The Supremacy Clause and Treaties

The Constitution typically is interpreted to be superior to every branch of government in the United States. It lays the framework for the Federal government and grants its powers while laying out explicitly several restrictions.

Article VI of the Constitution includes what is called the "Supremacy Clause":

This Constitution, and the Laws of the United States which shall be made in Pursuance thereof; and all Treaties made, or which shall be made, under the Authority of the United States, shall be the supreme Law of the Land; and the Judges in every State shall be bound thereby, any Thing in the Constitution or Laws of any State to the Contrary notwithstanding.

Where the Constitution lays out that it, along with the laws passed by Congress and signed by the President and any treaties ratified by the Senate, shall be the "supreme Law of the Land", the Constitution is establishing its supremacy over all acts of the States, but only insofar as the Constitution grants Congress the power to do such actions.

But the Supremacy Clause tends to be misinterpreted by those advocating the separation of church and state. I’ve heard an argument similar to this on multiple occasions: the Supremacy Clause in effect provides that the language of a treaty shall be legally in equivalence to the language of the Constitution. Most recently I heard such language in a new Constitution lecture by Shane Killian on the separation of church and state.

In this lecture, at around 7:44, Shane makes this argument with regard to Article 11 of the Treaty of Tripoli:

According to Article VI [of the Constitution], any treaties made in pursuance of the Constitution are part of the Supreme Law of the Land. This declaration therefore has the same effect as if it were part of the Constitution itself.

In the comments to his video, I argued that he was "a little off" with this argument, that if the Constitution grants any treaties any legal equality to anything, it’s statutes enacted by Congress. He responded by posting Article VI to the Constitution, following with "Direct quote", as if that were to mean anything.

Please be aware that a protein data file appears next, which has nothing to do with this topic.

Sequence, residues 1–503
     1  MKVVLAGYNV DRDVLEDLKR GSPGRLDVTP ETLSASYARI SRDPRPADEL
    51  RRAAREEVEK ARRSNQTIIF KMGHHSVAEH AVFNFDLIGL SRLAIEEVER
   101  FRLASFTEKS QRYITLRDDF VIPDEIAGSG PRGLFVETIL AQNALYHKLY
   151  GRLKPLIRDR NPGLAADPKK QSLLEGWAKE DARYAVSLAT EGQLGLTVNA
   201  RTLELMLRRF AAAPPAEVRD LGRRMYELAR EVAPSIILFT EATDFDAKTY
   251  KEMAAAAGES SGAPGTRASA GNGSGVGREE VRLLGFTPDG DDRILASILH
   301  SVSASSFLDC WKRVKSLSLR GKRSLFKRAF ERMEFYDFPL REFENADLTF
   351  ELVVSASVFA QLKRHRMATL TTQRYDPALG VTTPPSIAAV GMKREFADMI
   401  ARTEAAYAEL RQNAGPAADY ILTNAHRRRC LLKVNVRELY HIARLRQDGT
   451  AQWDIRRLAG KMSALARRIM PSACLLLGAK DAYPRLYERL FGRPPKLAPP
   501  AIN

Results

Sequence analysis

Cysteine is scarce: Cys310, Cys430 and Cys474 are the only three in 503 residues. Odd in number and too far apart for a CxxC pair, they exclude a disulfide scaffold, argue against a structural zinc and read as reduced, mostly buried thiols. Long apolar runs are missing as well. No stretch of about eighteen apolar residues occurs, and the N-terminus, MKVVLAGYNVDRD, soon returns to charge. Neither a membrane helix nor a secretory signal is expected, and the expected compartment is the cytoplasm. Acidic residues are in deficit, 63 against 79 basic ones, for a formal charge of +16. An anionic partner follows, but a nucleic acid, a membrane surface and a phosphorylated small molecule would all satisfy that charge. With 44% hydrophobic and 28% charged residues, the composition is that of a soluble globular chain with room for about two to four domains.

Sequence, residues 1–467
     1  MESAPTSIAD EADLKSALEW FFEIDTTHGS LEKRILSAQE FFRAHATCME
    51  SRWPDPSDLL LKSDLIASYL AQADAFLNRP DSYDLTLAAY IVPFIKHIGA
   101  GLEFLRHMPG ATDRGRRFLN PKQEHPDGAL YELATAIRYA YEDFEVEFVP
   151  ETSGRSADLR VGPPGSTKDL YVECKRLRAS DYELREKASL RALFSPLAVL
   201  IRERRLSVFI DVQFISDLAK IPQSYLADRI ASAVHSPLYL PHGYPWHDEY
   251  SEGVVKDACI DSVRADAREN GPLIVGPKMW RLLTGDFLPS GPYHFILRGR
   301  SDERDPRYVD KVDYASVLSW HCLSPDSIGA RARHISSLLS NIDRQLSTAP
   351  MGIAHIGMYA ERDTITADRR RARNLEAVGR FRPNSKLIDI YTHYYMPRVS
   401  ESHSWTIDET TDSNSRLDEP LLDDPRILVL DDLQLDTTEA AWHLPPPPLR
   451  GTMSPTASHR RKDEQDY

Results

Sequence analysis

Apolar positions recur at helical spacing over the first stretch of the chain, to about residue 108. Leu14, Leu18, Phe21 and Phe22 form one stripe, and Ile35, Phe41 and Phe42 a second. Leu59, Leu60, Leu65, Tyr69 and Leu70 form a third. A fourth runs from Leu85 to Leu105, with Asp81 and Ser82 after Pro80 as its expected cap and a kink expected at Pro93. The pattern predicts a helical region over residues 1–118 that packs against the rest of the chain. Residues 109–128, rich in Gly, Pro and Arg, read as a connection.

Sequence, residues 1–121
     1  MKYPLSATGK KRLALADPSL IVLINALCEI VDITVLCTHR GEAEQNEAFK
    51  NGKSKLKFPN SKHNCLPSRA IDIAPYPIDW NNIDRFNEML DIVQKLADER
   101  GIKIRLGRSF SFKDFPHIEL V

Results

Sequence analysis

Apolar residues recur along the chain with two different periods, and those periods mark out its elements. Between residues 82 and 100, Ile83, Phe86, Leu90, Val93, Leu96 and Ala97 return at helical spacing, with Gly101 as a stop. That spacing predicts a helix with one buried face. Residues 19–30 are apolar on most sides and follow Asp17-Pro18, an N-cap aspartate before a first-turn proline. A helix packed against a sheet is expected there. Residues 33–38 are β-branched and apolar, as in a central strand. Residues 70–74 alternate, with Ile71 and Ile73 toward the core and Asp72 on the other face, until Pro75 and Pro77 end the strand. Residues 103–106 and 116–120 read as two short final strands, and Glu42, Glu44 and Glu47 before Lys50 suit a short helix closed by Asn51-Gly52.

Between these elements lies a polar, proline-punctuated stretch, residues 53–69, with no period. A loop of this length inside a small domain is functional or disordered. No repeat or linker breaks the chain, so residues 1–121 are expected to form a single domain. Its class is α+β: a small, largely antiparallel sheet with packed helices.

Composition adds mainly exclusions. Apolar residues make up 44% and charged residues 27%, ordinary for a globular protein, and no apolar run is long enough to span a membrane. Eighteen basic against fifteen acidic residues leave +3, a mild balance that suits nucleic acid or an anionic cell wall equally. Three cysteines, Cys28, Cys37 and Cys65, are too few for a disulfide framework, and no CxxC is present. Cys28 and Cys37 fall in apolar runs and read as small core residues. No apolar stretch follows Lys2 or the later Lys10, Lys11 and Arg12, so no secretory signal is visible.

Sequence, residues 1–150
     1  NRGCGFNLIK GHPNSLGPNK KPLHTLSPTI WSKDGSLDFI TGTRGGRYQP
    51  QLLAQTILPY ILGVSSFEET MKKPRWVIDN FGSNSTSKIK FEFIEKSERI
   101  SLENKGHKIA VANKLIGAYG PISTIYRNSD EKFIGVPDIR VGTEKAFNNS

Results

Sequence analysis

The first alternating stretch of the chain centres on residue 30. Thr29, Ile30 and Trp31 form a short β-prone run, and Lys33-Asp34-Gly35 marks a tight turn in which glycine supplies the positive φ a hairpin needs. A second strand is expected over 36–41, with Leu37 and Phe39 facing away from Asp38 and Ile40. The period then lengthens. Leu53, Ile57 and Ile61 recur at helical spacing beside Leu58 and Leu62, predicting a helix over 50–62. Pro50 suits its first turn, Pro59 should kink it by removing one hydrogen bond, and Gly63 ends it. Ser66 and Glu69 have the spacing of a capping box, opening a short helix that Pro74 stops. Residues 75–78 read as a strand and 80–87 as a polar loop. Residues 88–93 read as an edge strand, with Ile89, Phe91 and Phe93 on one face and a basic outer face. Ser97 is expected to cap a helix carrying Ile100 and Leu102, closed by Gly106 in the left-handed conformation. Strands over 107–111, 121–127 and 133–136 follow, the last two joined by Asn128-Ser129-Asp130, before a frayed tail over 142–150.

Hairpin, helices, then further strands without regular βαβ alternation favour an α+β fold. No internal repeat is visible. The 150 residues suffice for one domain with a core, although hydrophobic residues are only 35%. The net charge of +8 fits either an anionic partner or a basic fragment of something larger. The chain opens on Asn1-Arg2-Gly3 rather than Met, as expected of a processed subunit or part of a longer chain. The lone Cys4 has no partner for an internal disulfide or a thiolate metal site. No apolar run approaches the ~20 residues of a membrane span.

In his response, I quoted directly from Reid v. Covert, 354 US 1 (1957): "This Court has regularly and uniformly recognized the supremacy of the Constitution over a treaty".1

To firmly show that the Constitution is superior to any actions of Congress, and to further display that treaties are equivalent to other ordinary actions of Congress, the Court further declared in Reid:

This Court has also repeatedly taken the position that an Act of Congress, which must comply with the Constitution, is on a full parity with a treaty, and that when a statute which is subsequent in time is inconsistent with a treaty, the statute to the extent of conflict renders the treaty null. It would be completely anomalous to say that a treaty need not comply with the Constitution when such an agreement can be overridden by a statute that must conform to that instrument.2

Further, it is very dangerous to state that treaties have "the same effect as if it were part of the Constitution itself". This implies that treaties can bypass the amendment process laid out in Article V, and that treaties can confer additional powers to the government, as if ratifying a treaty is, in effect, amending the Constitution without going through the necessary process. A very dangerous notion indeed, and one that the Supreme Court also directly addressed in the Reid decision: "no agreement with a foreign nation can confer power on the Congress, or on any other branch of Government, which is free from the restraints of the Constitution."3

The Constitution is supreme to any action of the Federal government, and this includes treaties. This was first stated by the Supreme Court in Marbury v. Madison, 5 US 137 (1803): "Thus, the particular phraseology of the Constitution of the United States confirms and strengthens the principle, supposed to be essential to all written Constitutions, that a law repugnant to the Constitution is void".4 In Marbury the Supreme Court overturned an act of Congress that sought to modify the Supreme Court’s jurisdiction, which is firmly established in Article III, Section 2 of the Constitution.

Again the Constitution is supreme to any act of the Federal government, including treaties. The Treaty of Tripoli or any treaty to which the United States is a party is not equal to the Constitution in any way, and to say that a treaty is equal to the Constitution is dangerous.

References   [ + ]

1. Reid v. Covert, 354 US 1 at 17
2. Reid v. Covert, 354 US 1 at 18
3. Reid v. Covert, 354 US 1 at 16
4. Marbury v. Madison, 5 US 137 at 180

Never miss your court date

This is pretty much sound advice, and advice I definitely kept in my own personal dealings. You see, I have the unfortunate ability to say that I was involved in a lawsuit — and I was the defendant.